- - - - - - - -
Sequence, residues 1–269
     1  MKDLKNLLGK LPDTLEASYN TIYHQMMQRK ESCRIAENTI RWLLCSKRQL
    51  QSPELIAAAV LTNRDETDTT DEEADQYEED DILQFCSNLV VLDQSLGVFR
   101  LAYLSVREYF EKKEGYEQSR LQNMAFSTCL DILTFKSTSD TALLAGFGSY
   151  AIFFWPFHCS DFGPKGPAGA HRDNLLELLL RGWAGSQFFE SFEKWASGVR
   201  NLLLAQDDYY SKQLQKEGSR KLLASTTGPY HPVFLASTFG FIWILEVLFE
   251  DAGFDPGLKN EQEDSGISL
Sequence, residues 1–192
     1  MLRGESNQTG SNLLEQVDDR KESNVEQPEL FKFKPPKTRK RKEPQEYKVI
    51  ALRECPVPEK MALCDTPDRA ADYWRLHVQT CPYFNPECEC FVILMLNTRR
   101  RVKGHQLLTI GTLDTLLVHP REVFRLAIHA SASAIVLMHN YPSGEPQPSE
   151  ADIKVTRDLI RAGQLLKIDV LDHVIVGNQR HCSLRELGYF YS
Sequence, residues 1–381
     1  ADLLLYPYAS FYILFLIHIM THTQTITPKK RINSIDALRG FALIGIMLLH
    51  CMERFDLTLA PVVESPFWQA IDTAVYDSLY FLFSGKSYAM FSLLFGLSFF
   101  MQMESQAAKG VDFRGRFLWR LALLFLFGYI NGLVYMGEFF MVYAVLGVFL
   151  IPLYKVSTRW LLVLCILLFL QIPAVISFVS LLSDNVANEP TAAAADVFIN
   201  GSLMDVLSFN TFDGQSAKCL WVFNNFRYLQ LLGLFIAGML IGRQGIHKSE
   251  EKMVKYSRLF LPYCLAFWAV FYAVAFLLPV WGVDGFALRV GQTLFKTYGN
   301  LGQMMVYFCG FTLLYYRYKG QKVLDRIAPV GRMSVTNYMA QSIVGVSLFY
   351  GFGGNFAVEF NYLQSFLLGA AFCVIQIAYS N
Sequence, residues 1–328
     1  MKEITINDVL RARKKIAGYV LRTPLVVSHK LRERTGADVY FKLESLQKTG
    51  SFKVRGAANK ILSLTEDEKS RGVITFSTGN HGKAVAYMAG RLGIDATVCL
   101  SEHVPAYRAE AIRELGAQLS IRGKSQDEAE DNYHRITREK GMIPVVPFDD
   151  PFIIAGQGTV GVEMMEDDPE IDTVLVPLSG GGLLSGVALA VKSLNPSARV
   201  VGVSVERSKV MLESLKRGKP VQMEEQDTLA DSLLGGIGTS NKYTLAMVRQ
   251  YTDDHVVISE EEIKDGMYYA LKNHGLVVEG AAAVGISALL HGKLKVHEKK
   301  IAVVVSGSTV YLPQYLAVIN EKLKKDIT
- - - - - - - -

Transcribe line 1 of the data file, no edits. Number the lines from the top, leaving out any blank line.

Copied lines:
Sequence, residues 1–269